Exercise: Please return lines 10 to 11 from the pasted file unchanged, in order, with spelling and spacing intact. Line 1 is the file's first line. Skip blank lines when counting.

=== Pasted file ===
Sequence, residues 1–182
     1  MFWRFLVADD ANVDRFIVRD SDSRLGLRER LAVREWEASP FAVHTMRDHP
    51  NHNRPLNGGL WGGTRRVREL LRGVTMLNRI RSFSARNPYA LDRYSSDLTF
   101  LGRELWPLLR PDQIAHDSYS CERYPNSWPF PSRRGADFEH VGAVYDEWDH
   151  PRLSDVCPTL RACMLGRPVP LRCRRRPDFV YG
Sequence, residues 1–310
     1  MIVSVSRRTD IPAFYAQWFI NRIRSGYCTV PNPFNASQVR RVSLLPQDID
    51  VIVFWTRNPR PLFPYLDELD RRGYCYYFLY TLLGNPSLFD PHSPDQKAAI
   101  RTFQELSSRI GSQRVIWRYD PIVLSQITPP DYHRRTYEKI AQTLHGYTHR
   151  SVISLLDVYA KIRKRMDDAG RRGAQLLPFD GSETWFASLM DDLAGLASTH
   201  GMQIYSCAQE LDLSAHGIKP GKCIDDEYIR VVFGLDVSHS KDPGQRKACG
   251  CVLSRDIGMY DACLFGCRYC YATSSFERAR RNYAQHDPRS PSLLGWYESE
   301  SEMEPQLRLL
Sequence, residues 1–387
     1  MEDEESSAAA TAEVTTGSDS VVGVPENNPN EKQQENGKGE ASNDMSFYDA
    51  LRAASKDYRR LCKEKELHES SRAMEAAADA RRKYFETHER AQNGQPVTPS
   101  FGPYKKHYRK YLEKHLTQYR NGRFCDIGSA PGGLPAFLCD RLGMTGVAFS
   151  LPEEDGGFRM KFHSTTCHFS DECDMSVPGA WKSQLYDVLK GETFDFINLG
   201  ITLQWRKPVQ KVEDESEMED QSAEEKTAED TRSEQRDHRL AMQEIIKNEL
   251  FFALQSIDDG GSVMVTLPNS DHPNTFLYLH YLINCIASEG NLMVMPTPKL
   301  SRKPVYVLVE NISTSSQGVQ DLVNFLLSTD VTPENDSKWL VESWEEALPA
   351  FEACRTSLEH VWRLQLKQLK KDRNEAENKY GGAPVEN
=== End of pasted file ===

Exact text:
   151  SVISLLDVYA KIRKRMDDAG RRGAQLLPFD GSETWFASLM DDLAGLASTH
   201  GMQIYSCAQE LDLSAHGIKP GKCIDDEYIR VVFGLDVSHS KDPGQRKACG